“What Next” explores life, death and the existence of God
By Cindy Mindell
CROMWELL – Actor and playwright Terri Klein has spent the last 13 years exploring Jewish identity and belief in a new play, “What Next.” She will debut her work in two staged readings next month, on Oct. 7
at Congregation Adath Israel in Middletown and on Oct. 20 at Farmington Valley Jewish Congregation – Emek Shalom in Simsbury.
“What Next” was inspired by Klein’s own Jewish journey growing up in many different Jewish communities and watching her own parents and stepfather explore their respective Jewish identities. She is interested in how Jews define themselves and express their personal religious beliefs.
A native of Arlington, Va., Klein has an unusual and varied Jewish background. Her parents both grew up in Denver in families involved in the Jewish community. She was born in Arlington, Va., and was raised as a Reform Jew. When she was 6, her parents divorced and her mother married an engineer, also from a Denver Jewish family, who was transferred every two years by his employer.
“Everywhere we moved, the first thing my mother would do is find the local synagogue and the local deli,” Klein says. “The synagogue was for herself and her children and the deli was for my father. My mother would say to him, ‘The only thing Jewish about you is your stomach.’ When we were living in San Jose, California, she repeated that to the rabbi and he said, ‘We get ‘em any way we can.’” Klein attended Sunday school in each new community, starting over several times from the Alef-Bet.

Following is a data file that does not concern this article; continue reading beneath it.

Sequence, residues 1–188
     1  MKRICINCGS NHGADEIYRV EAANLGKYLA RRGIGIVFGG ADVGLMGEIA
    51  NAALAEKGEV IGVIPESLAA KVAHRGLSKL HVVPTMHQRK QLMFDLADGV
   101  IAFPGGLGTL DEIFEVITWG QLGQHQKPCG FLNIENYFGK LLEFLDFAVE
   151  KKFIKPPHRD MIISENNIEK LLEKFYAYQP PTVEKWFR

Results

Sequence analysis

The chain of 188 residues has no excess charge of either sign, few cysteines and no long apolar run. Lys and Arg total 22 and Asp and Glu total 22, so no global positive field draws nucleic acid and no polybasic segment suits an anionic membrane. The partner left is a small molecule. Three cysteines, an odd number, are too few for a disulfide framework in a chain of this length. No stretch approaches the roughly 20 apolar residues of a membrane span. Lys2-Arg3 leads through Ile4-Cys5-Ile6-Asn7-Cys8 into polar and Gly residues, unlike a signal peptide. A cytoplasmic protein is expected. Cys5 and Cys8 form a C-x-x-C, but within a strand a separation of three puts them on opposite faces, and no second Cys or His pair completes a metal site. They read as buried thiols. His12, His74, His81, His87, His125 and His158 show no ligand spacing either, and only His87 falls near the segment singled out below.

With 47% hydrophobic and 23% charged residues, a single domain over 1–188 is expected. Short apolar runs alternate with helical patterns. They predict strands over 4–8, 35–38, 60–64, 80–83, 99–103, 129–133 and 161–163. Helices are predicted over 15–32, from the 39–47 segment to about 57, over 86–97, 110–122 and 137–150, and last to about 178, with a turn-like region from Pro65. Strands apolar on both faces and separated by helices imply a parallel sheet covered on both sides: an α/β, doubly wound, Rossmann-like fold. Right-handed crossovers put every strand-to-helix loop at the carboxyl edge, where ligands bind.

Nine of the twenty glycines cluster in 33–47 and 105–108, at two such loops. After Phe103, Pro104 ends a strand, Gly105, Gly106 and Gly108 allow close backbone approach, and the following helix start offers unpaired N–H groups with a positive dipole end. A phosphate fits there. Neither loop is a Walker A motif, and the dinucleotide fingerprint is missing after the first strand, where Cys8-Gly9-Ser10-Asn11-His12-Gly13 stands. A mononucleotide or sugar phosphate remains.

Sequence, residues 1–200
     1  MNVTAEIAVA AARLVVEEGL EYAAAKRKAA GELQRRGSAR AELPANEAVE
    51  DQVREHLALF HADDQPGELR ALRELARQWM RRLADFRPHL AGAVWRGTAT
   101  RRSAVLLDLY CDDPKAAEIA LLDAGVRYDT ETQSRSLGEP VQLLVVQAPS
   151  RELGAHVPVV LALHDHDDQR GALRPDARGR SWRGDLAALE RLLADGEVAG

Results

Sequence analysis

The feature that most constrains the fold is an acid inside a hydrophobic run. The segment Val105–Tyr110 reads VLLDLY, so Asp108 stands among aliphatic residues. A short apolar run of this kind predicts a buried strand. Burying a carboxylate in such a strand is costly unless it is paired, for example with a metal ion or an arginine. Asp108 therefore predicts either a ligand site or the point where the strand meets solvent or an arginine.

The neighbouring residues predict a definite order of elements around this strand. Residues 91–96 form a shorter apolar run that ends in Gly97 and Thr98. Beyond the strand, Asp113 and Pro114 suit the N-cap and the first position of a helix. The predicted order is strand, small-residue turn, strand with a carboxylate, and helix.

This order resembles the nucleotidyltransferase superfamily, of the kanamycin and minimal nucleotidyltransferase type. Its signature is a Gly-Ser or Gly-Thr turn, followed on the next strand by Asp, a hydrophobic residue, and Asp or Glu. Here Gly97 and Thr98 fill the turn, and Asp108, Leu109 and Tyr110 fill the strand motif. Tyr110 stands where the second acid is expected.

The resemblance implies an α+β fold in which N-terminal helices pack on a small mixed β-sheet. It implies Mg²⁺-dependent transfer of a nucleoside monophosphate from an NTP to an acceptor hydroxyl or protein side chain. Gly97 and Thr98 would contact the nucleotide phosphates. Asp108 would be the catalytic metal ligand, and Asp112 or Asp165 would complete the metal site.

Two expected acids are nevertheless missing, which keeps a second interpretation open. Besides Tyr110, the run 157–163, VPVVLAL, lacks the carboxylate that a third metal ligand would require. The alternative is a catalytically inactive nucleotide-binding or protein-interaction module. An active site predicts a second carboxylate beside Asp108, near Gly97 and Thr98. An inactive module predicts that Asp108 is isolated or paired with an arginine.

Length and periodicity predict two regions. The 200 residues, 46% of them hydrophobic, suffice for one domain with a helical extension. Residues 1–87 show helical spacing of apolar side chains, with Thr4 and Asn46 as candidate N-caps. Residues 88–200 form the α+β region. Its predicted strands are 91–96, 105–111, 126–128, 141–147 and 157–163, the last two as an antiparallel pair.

In the early ‘70s, the family was living in Jacksonville, Fla., the “buckle” of the Bible Belt.
“It’s as if people had a name tag: ‘Hi! I’m Terri. I’m a Jew,’” she says. “I was pelted with questions as the only Jew many people there had ever met. There was a little bit of antisemitism, nothing major; nobody hurt me. But my behavior was scrutinized, and there was a lot of questioning about why I would persist in being Jewish and I had the feeling that they would convert me if they could. That was the beginning of my self-conscious attempt to really forge a Jewish identity. By the time I was in high school, I felt I was Jewish and it wasn’t going to wash off in any way,” she says.
The family was then transferred to Zaghreb in the former Yugoslavia, and Klein spent two years at an American high school in Switzerland. Jacksonville’s Jewish community may have been sparse, but here Klein found only one fellow Jewish student. When she was home in Zaghreb, she would accompany her parents to the only synagogue they could find in the city, on the third floor of an unmarked Soviet-style apartment building, and different from what they were used to – a Sephardic Orthodox congregation.
At one service, Klein met three Israeli girls traveling through Europe. “They could do the whole service and everybody was making a big fuss over them,” she recalls. “I felt really stupid in Europe that I didn’t know anything and it increased my resolve to be more Jewish.”